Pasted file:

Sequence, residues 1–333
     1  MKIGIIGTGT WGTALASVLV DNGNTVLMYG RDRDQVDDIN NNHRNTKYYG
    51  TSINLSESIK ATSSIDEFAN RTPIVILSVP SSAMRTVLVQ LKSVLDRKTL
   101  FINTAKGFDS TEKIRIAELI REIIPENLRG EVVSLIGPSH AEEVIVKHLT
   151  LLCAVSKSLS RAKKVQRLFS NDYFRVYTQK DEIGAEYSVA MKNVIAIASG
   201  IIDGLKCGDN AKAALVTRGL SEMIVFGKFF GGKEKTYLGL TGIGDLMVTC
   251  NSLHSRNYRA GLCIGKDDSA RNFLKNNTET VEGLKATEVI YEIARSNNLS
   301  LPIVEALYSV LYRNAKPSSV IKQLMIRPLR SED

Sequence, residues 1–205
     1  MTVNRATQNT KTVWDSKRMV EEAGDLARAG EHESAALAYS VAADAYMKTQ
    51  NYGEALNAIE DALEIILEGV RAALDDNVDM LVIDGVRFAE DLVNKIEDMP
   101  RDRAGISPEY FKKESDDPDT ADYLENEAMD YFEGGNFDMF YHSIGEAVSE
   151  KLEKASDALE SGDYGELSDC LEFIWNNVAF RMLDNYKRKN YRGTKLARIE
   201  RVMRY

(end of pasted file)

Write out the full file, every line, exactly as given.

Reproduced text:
Sequence, residues 1–333
     1  MKIGIIGTGT WGTALASVLV DNGNTVLMYG RDRDQVDDIN NNHRNTKYYG
    51  TSINLSESIK ATSSIDEFAN RTPIVILSVP SSAMRTVLVQ LKSVLDRKTL
   101  FINTAKGFDS TEKIRIAELI REIIPENLRG EVVSLIGPSH AEEVIVKHLT
   151  LLCAVSKSLS RAKKVQRLFS NDYFRVYTQK DEIGAEYSVA MKNVIAIASG
   201  IIDGLKCGDN AKAALVTRGL SEMIVFGKFF GGKEKTYLGL TGIGDLMVTC
   251  NSLHSRNYRA GLCIGKDDSA RNFLKNNTET VEGLKATEVI YEIARSNNLS
   301  LPIVEALYSV LYRNAKPSSV IKQLMIRPLR SED

Sequence, residues 1–205
     1  MTVNRATQNT KTVWDSKRMV EEAGDLARAG EHESAALAYS VAADAYMKTQ
    51  NYGEALNAIE DALEIILEGV RAALDDNVDM LVIDGVRFAE DLVNKIEDMP
   101  RDRAGISPEY FKKESDDPDT ADYLENEAMD YFEGGNFDMF YHSIGEAVSE
   151  KLEKASDALE SGDYGELSDC LEFIWNNVAF RMLDNYKRKN YRGTKLARIE
   201  RVMRY